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It's definitely an M95 Mannlicher bolt as Prez1981 has already stated but I personally can't tell from your pic if it's an original 8x50r/8x56r bold or a Austrian 8mm 95/24 or Yugo 8mm conversion. Can't see the face or the other side of the bolt head in your pic to be certain but the cutout in the extractor looks to be the shape of the original 8x50 and 8x56's. Here is a scan from page 104 of Paul Scarlata's book that should allow an ID.
 

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Yeah, I didn't notice that at first, but that does look like it might be a M95M bolt. Big bucks if it is, they're super-scarce and the extractor alone is something people would trade children for.

The right side lug should be smaller than the left, if I remember right, for it to be a M bolt. Or at least, one lug noticeably smaller than the other side.
 

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can't tell from your pic if it's an original 8x50r/8x56r bolt or a Austrian 8mm 95/24
M.95/24 is also Yugoslavian conversion, identical to M.95M.
 

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You can tell from one of the ribs being milled off the rear of the bolt body and the two vent holes added at the front of the bolt body. Now, as far as the internal rotating bolt and the extractor go, you may be right that they are M95 parts, as they don't look like M95M components. Do you need any M95M bolt? I have a couple extras in my parts drawer.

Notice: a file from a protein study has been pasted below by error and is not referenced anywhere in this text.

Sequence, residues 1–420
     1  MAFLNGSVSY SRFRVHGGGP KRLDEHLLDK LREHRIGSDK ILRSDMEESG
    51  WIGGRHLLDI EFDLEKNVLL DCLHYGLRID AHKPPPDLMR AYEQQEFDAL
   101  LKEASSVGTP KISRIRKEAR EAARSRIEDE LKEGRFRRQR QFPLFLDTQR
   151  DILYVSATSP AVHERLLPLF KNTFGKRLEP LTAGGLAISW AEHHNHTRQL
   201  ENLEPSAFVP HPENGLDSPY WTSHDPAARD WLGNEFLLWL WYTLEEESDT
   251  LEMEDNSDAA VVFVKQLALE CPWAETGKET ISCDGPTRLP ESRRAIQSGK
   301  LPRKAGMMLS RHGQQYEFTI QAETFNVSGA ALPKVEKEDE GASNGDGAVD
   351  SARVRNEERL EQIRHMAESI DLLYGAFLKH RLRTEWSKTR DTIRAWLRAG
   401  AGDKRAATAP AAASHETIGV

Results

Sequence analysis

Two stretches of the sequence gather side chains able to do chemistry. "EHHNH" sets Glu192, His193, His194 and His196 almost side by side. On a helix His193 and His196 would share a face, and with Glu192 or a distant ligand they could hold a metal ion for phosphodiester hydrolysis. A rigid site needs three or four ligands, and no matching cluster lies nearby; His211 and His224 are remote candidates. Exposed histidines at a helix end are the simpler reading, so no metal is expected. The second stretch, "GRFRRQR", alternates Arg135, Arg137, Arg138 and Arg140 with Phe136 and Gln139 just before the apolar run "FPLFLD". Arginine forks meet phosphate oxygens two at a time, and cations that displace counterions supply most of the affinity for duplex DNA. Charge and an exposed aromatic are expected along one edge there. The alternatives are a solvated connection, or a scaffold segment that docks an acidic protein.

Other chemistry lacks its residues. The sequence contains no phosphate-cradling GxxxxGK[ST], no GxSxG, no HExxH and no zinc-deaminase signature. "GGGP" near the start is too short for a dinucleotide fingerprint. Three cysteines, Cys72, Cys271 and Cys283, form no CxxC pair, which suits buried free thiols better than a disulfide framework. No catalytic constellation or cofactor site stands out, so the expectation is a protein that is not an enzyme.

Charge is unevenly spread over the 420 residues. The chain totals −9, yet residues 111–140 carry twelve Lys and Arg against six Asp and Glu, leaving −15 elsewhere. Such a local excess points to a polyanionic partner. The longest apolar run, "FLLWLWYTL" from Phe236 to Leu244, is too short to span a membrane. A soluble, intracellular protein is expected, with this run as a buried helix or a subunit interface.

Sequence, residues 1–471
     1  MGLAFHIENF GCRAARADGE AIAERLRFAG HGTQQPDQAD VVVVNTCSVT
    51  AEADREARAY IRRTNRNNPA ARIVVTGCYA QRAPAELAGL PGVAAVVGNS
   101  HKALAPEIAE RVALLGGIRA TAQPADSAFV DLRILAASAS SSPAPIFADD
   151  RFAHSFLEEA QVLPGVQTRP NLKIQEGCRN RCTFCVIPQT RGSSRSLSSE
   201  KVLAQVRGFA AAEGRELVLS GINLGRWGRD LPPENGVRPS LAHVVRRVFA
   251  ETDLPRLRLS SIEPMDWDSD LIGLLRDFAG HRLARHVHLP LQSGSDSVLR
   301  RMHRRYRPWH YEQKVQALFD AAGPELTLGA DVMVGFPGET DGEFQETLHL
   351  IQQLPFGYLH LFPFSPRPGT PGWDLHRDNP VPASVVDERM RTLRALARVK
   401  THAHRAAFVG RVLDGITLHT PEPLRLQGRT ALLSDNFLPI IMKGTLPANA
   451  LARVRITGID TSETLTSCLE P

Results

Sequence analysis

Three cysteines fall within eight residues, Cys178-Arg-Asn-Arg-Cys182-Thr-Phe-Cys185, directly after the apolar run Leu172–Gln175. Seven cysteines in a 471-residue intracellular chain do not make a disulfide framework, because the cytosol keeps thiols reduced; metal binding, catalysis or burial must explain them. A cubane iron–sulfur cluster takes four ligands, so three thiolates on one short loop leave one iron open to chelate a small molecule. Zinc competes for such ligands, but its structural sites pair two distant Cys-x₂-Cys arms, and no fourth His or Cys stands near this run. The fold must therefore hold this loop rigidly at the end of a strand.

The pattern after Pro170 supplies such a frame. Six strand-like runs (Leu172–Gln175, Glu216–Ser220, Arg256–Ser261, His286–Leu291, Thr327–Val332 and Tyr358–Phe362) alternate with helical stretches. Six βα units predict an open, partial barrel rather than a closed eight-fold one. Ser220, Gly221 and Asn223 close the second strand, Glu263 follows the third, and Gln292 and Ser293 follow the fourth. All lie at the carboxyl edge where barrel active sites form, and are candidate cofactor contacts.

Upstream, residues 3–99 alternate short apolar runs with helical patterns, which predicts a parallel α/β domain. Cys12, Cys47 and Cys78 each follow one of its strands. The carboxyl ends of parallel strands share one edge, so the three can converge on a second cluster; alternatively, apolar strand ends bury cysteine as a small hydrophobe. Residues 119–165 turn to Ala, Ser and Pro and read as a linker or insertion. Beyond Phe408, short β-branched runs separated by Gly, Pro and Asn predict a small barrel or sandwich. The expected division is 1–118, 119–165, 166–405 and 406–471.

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Boltz, boltz, boltz: M.95 (top & right) vs. M.95M (bottom & left)
 

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M.95M vs. M.95/24 - ain't no difference:
 

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First from top - M.95M with recycled M.95 stock.
Second - M.95M with newly made stock.
Third - M.95/24 with newly made stock.
Fourth - Mauser M.24 to which the modifiers "24" in 95/24 and "M" in the M.95M refer.
 

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...as far as the internal rotating bolt and the extractor go, you may be right that they are M95 parts, as they don't look like M95M components.
They are not, that's why I am showing the pictures above.
 

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I had no idea the Yugoslav's did the M95/24 as well. I was merely going by what is printed in the only Mannlicher resource I own, yes I know the book has errors, that they were Steyr conversions done in the 1920's. The only other info I've ever read on them is in Branko Bogdanovic Serbian and Yugoslav Mauser book. He only mentions the model designation of M95M. Thus like most people I accepted what was printed that the 95/24's were done in Austria post World War I.

If the Yugo's made both models is it known why two different model designations for the same carbine was used? Different time periods for conversion? Branko states in his book that the contract was offered for bids in 1933 but it wasn't awarded until 1938 to FOMU for 30,000 to be converted. I'm not doubting you that they are Yugoslav. I'm just looking for more information on them is all.
 

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He only mentions the model designation of M95M.
He does mention 95/24, you must have missed it. He uses both names interchangeably.
 

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So we go with 95M bolt?

How about these?
 

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He does mention 95/24, you must have missed it. He uses both names interchangeably.
I did notice in some paragraphs he uses them interchangeably but in others I get the impression that they were not. Maybe it's just the way I interpreted it. I'll have to go back and read through that section again. Knowing how I over analyze stuff I'll probably interpret it different each time I read it.
 

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